Omega Seamaster Memomatic…
I’m sure it’s obvious to regular visitors that I’ve got a keen interest in Seiko’s Bell-Matic watches. I’m looking to broaden my knowledge of vintage alarm watches and read about Omega’s Seamaster Memomatic model from the early 70’s, which shares a lot of similarities with Seiko’s Bell-Matic, so I thought I’d compare the two.
Here’s the Memomatic, it’s a great looking watch…
(Click to enlarge – pictures by a.r.a. gallery)
The first thing to point out is that rather than having a separate bezel for setting the alarm, the Memomatic has two discs in the centre of the dial which are rotated via the crown. This allows the wearer to set the alarm to the exact minute, rather than the ‘near enough’ approach used by the Bell-Matic and most other vintage alarm mechanisms.
The adverts from the time show that this was a major selling point for Omega, but looking closely at the service manual, a tolerance of +/-4 minutes is deemed acceptable when testing the alarm triggering mechanism, which makes it no more accurate than the Bell-Matic. Doesn’t this actually defeat the whole purpose of setting the alarm to the minute? Strange!
It has a very similar crown layout and operation to the Bell-Matic except that the alarm time can be set both clockwise and anticlockwise via the winding crown and date quickset is performed by pressing the recessed button between the crowns. The Memomatic mainspring can also be hand wound, the Bell-Matic cannot. (A scan of the full Memomatic user manual can be found here).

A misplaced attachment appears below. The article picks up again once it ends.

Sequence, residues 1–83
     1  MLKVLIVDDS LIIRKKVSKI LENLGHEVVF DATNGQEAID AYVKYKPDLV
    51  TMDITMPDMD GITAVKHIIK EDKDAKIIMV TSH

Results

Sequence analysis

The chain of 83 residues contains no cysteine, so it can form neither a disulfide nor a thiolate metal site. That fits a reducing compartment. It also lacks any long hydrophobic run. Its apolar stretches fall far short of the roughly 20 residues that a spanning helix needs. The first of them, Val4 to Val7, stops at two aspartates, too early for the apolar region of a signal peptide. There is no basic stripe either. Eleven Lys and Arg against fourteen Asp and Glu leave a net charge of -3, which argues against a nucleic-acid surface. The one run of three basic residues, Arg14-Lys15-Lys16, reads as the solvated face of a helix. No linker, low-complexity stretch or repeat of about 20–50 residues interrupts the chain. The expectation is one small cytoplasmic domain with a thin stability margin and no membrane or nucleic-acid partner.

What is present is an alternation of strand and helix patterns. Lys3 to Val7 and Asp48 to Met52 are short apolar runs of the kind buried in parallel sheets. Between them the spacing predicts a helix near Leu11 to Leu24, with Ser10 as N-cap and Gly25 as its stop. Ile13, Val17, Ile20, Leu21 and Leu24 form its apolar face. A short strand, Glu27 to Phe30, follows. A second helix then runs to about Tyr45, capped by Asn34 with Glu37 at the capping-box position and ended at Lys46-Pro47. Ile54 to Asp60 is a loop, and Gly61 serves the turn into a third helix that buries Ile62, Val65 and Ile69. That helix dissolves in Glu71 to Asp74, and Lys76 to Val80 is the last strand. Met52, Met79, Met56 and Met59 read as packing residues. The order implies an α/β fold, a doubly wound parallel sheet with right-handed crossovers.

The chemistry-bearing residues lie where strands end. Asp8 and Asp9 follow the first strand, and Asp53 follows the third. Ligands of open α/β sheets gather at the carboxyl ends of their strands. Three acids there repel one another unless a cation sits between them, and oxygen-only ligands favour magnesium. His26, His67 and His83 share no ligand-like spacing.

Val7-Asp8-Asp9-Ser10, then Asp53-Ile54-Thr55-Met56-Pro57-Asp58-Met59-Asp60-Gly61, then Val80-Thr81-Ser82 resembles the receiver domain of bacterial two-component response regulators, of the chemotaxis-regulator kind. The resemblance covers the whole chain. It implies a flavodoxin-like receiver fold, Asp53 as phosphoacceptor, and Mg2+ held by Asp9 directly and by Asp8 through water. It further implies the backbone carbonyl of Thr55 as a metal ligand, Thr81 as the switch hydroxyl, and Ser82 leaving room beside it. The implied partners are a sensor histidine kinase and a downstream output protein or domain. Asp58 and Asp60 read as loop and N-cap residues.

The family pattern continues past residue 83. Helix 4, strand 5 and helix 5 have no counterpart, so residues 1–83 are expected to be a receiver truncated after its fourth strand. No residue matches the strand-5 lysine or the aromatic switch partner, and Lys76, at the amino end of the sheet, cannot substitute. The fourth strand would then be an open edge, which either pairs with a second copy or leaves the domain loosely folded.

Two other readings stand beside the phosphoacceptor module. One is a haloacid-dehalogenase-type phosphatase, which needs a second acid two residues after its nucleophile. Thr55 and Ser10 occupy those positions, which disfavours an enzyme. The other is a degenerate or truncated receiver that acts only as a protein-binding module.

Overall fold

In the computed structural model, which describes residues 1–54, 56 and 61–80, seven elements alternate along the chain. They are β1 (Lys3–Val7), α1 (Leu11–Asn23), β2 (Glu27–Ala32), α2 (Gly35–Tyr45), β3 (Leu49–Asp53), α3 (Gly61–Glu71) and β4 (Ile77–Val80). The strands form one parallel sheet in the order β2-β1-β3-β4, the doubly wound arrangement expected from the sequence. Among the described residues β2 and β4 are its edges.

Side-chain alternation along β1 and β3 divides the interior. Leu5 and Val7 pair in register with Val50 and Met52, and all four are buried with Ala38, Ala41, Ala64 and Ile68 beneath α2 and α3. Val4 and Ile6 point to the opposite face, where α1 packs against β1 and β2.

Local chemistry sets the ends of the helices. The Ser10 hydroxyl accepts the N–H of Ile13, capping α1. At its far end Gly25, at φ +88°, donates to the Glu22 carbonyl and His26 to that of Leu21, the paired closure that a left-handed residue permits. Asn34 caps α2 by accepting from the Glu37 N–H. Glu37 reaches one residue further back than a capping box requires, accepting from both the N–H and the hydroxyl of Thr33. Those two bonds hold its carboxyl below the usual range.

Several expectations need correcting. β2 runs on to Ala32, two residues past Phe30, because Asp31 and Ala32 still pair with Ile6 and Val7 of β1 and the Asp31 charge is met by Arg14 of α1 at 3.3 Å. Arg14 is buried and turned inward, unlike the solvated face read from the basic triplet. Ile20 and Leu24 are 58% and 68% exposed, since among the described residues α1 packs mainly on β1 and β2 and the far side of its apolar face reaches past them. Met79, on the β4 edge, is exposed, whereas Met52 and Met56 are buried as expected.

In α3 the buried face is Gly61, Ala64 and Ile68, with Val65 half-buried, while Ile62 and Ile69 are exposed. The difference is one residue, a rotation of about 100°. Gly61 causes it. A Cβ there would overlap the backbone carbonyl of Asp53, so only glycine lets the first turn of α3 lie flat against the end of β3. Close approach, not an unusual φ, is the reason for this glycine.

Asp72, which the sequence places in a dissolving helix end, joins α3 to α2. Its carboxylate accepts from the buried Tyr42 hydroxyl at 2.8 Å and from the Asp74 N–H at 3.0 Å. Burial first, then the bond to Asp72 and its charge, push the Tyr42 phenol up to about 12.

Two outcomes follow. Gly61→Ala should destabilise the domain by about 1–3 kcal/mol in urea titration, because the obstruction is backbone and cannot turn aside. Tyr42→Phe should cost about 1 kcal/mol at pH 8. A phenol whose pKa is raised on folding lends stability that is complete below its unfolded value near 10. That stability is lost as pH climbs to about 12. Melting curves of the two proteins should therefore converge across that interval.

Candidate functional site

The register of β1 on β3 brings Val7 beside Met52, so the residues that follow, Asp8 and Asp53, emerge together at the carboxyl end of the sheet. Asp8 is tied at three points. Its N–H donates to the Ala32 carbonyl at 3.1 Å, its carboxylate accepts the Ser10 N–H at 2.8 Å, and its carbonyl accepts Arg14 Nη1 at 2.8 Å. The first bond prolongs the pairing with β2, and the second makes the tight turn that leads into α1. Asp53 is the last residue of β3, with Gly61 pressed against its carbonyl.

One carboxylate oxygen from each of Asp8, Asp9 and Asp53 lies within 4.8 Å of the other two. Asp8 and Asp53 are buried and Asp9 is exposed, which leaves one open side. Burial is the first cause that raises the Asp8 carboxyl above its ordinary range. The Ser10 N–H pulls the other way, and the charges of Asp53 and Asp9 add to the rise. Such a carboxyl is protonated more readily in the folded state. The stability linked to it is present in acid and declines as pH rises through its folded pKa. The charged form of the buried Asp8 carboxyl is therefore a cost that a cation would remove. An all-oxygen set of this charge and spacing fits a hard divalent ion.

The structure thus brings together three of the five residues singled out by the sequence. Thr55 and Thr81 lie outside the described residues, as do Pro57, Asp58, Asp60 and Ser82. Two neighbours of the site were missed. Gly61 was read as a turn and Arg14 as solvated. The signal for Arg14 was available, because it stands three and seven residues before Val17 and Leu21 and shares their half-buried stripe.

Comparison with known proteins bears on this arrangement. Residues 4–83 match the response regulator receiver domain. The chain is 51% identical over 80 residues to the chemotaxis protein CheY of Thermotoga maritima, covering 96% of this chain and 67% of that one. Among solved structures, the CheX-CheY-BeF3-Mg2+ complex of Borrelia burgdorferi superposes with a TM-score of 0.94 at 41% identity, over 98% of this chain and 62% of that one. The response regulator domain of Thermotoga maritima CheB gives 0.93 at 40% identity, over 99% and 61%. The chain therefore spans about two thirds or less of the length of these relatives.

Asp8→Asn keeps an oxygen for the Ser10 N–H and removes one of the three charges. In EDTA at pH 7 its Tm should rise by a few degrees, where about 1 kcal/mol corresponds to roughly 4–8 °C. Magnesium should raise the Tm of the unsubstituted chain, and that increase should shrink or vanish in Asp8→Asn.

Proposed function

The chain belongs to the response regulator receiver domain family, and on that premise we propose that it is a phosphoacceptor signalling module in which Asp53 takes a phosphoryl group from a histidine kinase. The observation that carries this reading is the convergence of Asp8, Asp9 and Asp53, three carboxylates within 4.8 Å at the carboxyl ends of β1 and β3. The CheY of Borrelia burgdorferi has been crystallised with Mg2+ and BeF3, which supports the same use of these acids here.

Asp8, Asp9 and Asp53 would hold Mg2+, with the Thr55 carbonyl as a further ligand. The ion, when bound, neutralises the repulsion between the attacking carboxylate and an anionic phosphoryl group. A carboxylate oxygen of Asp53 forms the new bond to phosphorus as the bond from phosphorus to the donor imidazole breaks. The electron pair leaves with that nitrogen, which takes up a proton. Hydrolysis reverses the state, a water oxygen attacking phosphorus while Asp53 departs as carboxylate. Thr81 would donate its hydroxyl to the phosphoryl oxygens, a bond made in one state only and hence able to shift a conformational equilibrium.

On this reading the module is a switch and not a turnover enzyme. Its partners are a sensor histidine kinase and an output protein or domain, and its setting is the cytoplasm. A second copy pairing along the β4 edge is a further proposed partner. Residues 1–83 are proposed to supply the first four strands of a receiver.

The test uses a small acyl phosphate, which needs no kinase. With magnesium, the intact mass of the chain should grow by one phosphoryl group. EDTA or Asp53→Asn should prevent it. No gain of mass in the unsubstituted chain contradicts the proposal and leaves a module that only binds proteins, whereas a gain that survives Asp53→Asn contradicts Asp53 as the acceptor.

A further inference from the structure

The engine in the Memomatic is Omega’s 980 calibre, which has 19 jewels and is slightly smaller in diameter than the Seiko at 30.8mm, (Seiko’s 4006A is 31.2mm) but slightly thicker at 7.8mm (the Seiko is 7.15mm).
It runs at 21,600bph (6 beats/sec) which is slightly faster than the Seiko which runs at 19,800bph (5.5beats/sec). Notice too that, like the Bell-Matic, the 980 has an independent sounding spring around the edge of the calibre rather than the hammer impacting part of the watch case as is common in other alarm mechanisms.
The biggest advantage that the Memomatic has over the Bell-Matic is that it has only one mainspring which powers both the going train and the alarm. As this is an automatic winding calibre, this also means that the alarm never has to be wound independently. If the watch is running, the alarm should be ready to go.
Reading the technical literature on the calibre, when triggered, the mainspring barrel completes one complete revolution which sounds the alarm for 8-10 seconds (about the same length of time as the Bell-Matic). How it manages to do this while still supplying power to the going train is very intriguing to me. Even looking at the exploded diagrams in the service manual it’s hard to work out how it does this.
I’d like to get hold of one and study it in depth but that could be tricky as only 35,000 examples were made and they now change hands for around the US$800 mark. Even when available on the high street, this technology still commanded a hefty price, the Memomatic originaly retailing at a higher price than Omega’s popular Seamaster Chronograph.
I’d better start saving up….